Mammals across the K/Pg boundary in northeastern Montana, U.S.A.: dental morphology and body-size patterns reveal extinction selectivity and immigrant-fueled ecospace filling

@inproceedings{Wilson2013MammalsAT,
  title={Mammals across the K/Pg boundary in northeastern Montana, U.S.A.: dental morphology and body-size patterns reveal extinction selectivity and immigrant-fueled ecospace filling},
  author={G P Wilson},
  booktitle={Paleobiology},
  year={2013}
}
  • G. Wilson
  • Published in Paleobiology 9 May 2013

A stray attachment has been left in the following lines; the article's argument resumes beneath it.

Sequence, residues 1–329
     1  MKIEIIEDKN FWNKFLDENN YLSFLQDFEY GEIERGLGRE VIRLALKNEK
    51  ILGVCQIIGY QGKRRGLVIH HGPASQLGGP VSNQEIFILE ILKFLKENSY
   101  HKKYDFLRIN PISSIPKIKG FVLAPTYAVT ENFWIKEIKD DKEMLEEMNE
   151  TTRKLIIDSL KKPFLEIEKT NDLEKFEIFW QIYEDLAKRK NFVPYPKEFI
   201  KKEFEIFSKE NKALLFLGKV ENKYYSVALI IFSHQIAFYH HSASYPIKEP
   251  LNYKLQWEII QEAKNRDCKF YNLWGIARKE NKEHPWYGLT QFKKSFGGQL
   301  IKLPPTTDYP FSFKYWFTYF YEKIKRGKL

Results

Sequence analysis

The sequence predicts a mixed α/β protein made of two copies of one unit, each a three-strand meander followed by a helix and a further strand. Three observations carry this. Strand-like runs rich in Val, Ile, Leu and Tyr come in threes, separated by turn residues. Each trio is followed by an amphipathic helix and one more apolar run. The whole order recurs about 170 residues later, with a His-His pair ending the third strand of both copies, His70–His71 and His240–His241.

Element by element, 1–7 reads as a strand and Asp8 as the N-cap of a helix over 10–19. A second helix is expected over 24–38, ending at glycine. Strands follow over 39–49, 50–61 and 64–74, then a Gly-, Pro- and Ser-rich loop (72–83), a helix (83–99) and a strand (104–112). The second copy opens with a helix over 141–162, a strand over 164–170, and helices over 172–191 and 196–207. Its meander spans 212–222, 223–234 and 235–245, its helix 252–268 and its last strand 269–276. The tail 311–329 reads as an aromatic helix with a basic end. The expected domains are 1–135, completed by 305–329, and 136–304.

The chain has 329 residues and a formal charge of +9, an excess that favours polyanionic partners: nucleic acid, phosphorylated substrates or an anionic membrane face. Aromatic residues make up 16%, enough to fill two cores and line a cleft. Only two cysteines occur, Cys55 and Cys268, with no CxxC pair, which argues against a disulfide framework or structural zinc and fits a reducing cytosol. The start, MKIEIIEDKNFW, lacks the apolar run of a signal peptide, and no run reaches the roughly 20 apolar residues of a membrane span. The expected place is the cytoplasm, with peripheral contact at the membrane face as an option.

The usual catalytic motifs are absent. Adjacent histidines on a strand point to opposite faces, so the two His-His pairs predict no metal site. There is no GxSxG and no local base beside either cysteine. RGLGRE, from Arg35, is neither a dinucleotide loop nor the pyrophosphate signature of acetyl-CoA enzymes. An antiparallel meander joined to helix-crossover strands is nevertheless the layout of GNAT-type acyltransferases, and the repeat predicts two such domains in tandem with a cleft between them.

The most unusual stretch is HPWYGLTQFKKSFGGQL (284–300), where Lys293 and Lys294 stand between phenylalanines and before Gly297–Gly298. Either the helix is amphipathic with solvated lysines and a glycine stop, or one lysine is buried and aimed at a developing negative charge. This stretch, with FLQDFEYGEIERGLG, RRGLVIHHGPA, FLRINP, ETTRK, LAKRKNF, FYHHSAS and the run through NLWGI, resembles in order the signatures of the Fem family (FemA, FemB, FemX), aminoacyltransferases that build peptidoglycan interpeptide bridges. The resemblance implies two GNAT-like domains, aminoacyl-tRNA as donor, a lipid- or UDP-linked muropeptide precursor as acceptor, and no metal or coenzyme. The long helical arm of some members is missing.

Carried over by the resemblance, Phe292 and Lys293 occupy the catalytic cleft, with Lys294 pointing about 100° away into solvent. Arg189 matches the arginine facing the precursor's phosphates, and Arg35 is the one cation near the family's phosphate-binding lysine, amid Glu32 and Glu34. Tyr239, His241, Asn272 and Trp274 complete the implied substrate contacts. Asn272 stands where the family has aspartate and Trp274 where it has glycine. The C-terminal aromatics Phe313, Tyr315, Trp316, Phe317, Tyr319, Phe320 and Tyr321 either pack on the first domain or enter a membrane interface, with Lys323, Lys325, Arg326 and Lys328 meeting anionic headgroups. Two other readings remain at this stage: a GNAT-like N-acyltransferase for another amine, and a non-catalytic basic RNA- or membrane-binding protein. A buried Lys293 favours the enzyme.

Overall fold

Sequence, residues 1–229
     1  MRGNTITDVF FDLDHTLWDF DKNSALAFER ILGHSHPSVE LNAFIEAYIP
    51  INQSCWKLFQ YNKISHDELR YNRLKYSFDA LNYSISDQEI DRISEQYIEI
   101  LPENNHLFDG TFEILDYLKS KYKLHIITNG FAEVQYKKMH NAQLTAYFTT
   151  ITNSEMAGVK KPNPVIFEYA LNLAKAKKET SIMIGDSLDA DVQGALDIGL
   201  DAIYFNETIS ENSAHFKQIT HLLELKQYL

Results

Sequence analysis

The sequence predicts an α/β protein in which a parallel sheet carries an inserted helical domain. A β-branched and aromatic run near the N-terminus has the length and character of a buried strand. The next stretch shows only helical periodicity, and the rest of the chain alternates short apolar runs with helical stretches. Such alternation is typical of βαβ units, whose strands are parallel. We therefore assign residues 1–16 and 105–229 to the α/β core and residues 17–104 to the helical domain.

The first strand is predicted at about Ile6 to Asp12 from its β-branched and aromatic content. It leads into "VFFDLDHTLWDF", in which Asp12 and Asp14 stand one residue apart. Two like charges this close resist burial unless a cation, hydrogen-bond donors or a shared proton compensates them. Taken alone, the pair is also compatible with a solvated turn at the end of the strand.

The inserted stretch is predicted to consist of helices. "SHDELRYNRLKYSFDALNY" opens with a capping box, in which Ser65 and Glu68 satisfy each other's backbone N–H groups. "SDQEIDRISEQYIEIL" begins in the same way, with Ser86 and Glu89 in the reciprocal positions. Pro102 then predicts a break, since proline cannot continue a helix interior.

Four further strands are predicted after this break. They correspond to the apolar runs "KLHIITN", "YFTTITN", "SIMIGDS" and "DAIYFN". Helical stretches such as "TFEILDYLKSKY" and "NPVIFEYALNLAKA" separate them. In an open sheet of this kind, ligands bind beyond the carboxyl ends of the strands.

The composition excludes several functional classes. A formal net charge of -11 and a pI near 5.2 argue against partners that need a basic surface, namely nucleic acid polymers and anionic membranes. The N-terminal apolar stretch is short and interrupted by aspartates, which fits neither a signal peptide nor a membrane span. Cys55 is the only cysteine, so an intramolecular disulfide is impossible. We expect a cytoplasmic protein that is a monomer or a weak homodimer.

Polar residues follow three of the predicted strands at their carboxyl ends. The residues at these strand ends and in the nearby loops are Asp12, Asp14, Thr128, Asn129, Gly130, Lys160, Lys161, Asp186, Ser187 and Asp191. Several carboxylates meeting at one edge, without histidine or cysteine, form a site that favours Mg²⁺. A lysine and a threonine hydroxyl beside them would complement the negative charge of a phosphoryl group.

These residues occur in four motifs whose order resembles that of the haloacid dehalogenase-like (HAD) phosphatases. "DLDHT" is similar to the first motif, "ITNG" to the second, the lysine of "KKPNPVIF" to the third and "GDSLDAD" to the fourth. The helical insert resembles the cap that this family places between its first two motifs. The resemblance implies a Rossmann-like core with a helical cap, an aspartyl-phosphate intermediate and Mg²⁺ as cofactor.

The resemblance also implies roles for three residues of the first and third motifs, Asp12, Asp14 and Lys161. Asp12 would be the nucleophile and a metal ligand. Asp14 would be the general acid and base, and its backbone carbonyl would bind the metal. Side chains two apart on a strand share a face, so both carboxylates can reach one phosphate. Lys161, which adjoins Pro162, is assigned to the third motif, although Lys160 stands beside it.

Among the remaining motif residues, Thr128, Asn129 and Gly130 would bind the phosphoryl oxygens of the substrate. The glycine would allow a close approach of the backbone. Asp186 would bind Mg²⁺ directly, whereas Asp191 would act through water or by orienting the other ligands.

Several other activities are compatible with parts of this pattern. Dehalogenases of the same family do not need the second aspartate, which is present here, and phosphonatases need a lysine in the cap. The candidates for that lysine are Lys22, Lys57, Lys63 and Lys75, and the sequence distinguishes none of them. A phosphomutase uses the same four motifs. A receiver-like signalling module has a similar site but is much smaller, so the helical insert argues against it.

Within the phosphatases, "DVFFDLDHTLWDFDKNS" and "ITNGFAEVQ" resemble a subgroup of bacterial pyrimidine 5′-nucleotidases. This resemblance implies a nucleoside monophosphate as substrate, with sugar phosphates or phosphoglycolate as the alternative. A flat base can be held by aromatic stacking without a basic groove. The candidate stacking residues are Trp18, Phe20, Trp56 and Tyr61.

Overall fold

• Biology
Abstract The Cretaceous/Tertiary (K/Pg) mass extinction has long been viewed as a pivotal event in mammalian evolutionary history, in which the extinction of non-avian dinosaurs allowed mammals to rapidly expand from small-bodied, generalized insectivores to a wide array of body sizes and ecological specializations. Many studies have used global- or continental-scale taxonomic databases to analyze this event on coarse temporal scales, but few studies have documented morphological diversity of… Expand
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TLDR
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